There’s nothing wrong with thirsting for Rahul Kohli.
Midnight Mass is a great show. That was never a question, seeing as it’s from the mind of creator Mike Flanagan who also created Hush, Doctor Sleep, The Haunting of Hill House, and The Haunting of Bly Manor, AKA some of the best horror offerings in recent years. Midnight Mass continues Flanagan’s trend of broken, relatable characters, a plot riddled with mystery and payoff, and excessively long monologues (seriously, so long).
But beyond being a great show, Midnight Mass and Flanagan’s other works have done an excellent job at showcasing the talent of their leads, especially Midnight Mass’ breakout star, Rahul Kohli.
Of course, it’s not his acting that’s got everyone talking. Most people just can’t get over how damn sexy he is. I mean, seriously, look at this man.
I wish I could grow a mustache like that, but people get anxious if I walk by a park when I try.
If you could bottle Rahul Kohli up, he’d sell out faster than toilet paper at the beginning of the pandemic. This is just one of many threads of people thirsting for Kohli on Twitter:
But how thirsty can someone get before it’s like, “Hey, drink a Gatorade or something”? Isn’t gushing over someone through a tweet a bit… creepy? Not according to Kohli, it’s not.
You see, Hollywood loves white guys. I know. Shocker. Even as recently as July 2021, people have compiled lists of the “most attractive actors in Hollywood,” and the results are pretty much always the same: white guys with good jawlines. That’s what Hollywood’s sold for years. That’s who gets top billing in every big blockbuster movie. They’re our action stars, our rom-com leads, our gritty detectives, and our troubled school teachers who learn to overcome their issues with the help of their students. Your mom probably thinks George Clooney is George Swooney and wants Brad Pitt to touch her Brad — never mind.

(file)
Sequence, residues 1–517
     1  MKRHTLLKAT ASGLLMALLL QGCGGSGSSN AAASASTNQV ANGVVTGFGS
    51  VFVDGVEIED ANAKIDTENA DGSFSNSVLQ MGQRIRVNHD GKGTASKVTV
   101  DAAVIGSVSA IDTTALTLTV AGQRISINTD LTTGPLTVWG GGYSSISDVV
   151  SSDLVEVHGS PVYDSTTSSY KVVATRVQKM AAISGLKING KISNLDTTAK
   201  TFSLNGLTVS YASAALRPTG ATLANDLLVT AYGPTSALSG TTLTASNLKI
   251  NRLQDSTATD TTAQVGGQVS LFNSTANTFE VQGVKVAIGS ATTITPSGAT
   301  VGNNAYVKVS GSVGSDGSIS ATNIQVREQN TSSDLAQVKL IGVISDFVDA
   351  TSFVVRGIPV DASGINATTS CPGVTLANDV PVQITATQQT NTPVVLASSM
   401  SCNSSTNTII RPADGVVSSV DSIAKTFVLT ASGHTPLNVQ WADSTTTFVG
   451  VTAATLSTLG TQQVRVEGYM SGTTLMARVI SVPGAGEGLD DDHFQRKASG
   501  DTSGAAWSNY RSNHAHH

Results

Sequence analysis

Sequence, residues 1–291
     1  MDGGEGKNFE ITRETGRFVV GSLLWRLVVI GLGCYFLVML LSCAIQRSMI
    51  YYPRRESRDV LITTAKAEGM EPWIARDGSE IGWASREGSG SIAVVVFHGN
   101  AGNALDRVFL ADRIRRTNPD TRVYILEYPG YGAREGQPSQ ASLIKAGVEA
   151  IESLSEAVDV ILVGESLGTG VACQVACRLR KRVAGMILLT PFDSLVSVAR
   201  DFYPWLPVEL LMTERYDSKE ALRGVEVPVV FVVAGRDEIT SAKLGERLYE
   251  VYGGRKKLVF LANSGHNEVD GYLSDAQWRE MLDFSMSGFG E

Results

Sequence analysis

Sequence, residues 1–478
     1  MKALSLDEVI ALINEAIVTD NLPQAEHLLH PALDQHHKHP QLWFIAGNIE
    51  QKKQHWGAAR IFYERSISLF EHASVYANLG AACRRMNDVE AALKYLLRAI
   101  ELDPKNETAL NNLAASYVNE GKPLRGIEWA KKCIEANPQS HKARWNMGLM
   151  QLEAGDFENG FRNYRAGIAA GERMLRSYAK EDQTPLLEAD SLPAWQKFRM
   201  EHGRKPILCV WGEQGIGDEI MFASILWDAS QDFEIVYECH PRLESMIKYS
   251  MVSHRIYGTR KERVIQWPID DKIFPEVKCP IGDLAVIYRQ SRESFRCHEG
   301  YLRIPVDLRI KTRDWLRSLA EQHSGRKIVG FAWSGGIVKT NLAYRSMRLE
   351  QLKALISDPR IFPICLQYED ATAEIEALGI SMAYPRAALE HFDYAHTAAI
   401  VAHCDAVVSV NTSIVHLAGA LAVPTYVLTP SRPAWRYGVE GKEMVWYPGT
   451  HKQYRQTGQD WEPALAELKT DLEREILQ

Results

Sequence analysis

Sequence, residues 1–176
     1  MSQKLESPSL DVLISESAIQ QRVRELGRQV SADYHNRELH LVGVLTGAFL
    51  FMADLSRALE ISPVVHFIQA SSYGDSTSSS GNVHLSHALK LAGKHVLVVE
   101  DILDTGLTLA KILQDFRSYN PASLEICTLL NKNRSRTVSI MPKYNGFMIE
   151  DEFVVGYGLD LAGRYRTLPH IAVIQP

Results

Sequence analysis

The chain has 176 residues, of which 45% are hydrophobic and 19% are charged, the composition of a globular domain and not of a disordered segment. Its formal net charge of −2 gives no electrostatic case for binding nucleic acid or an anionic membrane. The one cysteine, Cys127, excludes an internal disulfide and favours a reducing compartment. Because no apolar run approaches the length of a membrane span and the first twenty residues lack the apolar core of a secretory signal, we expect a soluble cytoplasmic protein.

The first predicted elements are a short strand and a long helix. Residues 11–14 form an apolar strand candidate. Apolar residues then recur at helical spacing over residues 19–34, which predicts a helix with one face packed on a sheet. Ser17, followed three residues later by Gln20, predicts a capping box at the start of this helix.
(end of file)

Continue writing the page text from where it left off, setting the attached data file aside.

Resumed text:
The point is, Hollywood still has a significant diversity issue. It is not the kind of diversity an all-female Ghostbusters remake can fix, but a subtler problem that changes how we think without realizing it. Like, for example, claiming that the 15 hottest actors in Hollywood are all white men, half of whom are named Chris. That kind of talk perpetuates the standard that the “ideal” man — because who else would be ideal if not a wealthy actor? — is chiseled, fit, and white.
Don’t take this as me saying Chris Hemsworth isn’t a good-looking man. Obviously, he is. But attraction isn’t a, forgive the saying, black-and-white sensation. We can be attracted to thousands of different aspects of a person and repulsed by others. Crafting a cultural understanding of the ideal man or woman only seeks to preserve a severely outdated status quo.
Graphic descriptions of your Rahul Kohli wet dream might be a bit TMI for some people’s tastes, but at least it acknowledges a key thing we’ve been ignoring for years: brown men can be attractive, too. Historically, misrepresentation has plagued brown men, often depicted as base-level racial stereotypes: gas station workers, strict religious zealots, IT guys, or socially awkward sexists. It’s rare to see a brown man on screen playing a three-dimensional character, and even when they do, they’re never the “heartthrob.”
Rahul Kohli doesn’t look like a white man. His character in Midnight Mass is a proud Muslim who maintains his faith despite constant pressure to attend a Christian church and even attempts to educate his fellow townsfolk about his religion in a calm, empathetic manner. Most importantly, though, his character feels like a real person, a stark contrast to the representations of brown men in the past who often feel cartoonish and oversimplified.
It’s not surprising that people think Rahul Kohli is hot — he’s a serious actor, after all — it’s surprising that it took this long for people to realize race isn’t an indicator of attractiveness. Please, continue thirsting for Rahul Kohli, and maybe filmmakers will realize they don’t have to cast another Chris to sell tickets.